Focal and Generalized Folliculitis Following Smallpox Vaccination among Vaccinia-Naive Recipients

Thomas R. Talbot, H. Keipp Bredenberg, Michael Smith, Bonnie J. LaFleur, Alan Boyd, Kathryn M. Edwards

Research output: Contribution to journalArticlepeer-review

35 Scopus citations

Abstract

Context: With the reintroduction of smallpox vaccination, detailed contemporary descriptions of adverse reactions to the vaccine are needed to adequately inform the public and clinicians. During a multicenter, randomized controlled trial investigating the efficacy of various dilutions of smallpox vaccine, we observed the appearance of a papulovesicular eruption (focal and generalized) in study volunteers. Objective: To characterize the papulovesicular eruptions by clinical, virologic, and histopathological characteristics. Design, Setting, and Participants: Prospective case series of papulovesicular eruptions following smallpox vaccination in healthy, vaccinia-naive adult participants compared with noncases conducted from October 2002 to March 2003. Variables potentially related to these eruptions were collected retrospectively through chart review. Eruptions were described based on viral culture, clinical examination, and histopathological evaluation (1 biopsy specimen from 1 case). Main Outcome Measure: Cases of papulovesicular eruptions following vaccination. Results: During the trial, of 148 volunteers (56% women; mean age 23.6 years), 4 participants (2.7%) developed generalized eruptions and 11 (7.4%) noted focal eruptions. Viral cultures of sample lesions were negative for vaccinia. The result of a skin biopsy sample from 1 case of generalized rash revealed suppurative folliculitis without evidence of viral infection. All lesions resolved without scarring. In the cohort, cases and noncases did not show significant differences in terms of sex, in the use of nonsteroidal anti-inflammatory drugs or oral or depo contraceptives, in medication allergies, in the incidence of fever or lymphadenopathy after vaccination, or in the dilution of vaccine received. Conclusions: Folliculitis is a common and benign eruption observed in vaccinia-naive adult volunteers following smallpox vaccination. This eruption may be seen in volunteers receiving the vaccine in the newly instituted vaccination programs and may be met with heightened anxiety, potentially being confused with generalized vaccinia. This description of folliculitis using clinical, virologic, and histopathological findings should allay these concerns and provide additional insight into this eruption.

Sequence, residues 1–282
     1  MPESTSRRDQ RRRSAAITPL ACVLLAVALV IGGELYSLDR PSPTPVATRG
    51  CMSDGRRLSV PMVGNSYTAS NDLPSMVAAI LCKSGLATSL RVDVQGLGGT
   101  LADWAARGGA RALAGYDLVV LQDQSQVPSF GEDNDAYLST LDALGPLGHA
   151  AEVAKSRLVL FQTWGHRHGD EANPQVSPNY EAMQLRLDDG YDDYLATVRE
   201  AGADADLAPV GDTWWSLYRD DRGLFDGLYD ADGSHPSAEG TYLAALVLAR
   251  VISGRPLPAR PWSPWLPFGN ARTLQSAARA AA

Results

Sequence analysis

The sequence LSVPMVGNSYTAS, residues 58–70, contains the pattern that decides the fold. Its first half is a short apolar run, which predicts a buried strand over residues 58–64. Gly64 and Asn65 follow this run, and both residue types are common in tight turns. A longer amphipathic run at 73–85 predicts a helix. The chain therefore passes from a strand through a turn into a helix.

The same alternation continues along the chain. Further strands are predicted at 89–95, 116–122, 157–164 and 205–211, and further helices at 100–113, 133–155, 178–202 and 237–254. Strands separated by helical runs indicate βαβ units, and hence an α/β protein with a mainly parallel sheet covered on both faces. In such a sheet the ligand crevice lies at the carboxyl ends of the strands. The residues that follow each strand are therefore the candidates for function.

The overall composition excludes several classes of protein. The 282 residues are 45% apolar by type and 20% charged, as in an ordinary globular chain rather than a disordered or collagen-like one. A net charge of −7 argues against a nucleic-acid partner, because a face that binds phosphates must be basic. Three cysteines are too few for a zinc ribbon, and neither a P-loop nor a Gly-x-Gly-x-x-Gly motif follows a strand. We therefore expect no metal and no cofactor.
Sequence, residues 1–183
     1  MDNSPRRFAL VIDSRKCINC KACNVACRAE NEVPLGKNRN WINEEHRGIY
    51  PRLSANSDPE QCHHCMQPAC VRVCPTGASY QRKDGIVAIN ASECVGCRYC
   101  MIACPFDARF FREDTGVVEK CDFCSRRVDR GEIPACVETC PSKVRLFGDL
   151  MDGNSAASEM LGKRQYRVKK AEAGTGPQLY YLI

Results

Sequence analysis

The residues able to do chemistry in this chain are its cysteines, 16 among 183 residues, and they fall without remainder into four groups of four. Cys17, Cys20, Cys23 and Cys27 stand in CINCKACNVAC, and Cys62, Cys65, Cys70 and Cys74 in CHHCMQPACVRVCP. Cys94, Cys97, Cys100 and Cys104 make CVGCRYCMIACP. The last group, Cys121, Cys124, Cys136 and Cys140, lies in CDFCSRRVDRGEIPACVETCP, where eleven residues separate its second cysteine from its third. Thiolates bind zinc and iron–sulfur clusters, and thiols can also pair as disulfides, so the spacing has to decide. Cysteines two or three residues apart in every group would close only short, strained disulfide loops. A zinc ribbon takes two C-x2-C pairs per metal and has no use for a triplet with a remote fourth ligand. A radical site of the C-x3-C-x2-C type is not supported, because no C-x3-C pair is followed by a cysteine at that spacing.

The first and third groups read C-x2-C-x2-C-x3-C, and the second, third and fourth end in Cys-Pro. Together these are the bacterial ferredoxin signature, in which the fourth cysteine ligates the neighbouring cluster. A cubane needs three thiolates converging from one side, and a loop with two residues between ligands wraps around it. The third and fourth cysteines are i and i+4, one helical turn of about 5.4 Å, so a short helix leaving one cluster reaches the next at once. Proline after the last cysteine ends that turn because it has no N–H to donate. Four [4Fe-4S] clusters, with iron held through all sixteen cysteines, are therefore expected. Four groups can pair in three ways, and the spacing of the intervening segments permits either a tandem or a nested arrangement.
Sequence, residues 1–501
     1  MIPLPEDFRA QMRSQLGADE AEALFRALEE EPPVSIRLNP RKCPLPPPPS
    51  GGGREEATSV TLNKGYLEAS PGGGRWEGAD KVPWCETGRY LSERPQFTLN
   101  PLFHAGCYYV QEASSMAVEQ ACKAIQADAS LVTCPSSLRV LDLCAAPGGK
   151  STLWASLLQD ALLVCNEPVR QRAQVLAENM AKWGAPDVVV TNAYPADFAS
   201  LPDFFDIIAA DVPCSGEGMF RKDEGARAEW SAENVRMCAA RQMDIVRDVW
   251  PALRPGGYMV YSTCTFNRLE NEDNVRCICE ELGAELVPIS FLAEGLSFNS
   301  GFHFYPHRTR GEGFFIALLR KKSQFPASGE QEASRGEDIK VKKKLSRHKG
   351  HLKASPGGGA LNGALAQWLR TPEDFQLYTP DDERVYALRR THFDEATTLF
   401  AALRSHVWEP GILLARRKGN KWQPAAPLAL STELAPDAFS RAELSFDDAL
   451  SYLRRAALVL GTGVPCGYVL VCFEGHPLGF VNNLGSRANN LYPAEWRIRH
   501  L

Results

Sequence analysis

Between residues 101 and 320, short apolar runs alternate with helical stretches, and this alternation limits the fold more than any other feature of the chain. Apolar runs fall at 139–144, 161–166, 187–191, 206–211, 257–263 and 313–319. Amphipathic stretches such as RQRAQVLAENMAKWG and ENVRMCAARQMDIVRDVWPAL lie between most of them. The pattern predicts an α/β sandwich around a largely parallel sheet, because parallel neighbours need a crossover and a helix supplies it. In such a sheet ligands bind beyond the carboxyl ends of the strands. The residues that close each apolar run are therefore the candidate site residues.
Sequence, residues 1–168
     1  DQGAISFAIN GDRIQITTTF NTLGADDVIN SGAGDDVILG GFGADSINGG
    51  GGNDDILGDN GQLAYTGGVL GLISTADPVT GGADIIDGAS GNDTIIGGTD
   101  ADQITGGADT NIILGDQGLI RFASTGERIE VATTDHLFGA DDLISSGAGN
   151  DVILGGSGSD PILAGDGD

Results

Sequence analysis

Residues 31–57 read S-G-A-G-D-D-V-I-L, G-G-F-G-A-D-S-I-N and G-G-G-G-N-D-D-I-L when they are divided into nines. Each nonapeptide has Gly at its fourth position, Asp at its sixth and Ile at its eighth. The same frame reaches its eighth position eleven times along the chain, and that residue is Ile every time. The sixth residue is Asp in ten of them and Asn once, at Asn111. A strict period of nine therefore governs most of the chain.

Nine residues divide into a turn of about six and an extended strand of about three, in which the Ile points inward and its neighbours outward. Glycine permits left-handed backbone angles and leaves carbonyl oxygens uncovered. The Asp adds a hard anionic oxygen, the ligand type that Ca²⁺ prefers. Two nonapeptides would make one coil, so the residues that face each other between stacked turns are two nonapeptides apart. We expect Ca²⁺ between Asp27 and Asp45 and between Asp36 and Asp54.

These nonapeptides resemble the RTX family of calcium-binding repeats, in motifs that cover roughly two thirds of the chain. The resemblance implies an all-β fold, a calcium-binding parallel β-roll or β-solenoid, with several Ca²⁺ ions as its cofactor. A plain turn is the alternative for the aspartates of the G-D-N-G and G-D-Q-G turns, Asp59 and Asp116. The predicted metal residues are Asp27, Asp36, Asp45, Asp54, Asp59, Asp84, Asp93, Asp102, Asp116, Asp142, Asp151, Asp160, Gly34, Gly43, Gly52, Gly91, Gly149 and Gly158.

Original languageEnglish (US)
Pages (from-to)3290-3294
Number of pages5
JournalJournal of the American Medical Association
Volume289
Issue number24
DOIs
StatePublished - Jun 25 2003
Externally publishedYes

ASJC Scopus subject areas

  • Medicine(all)

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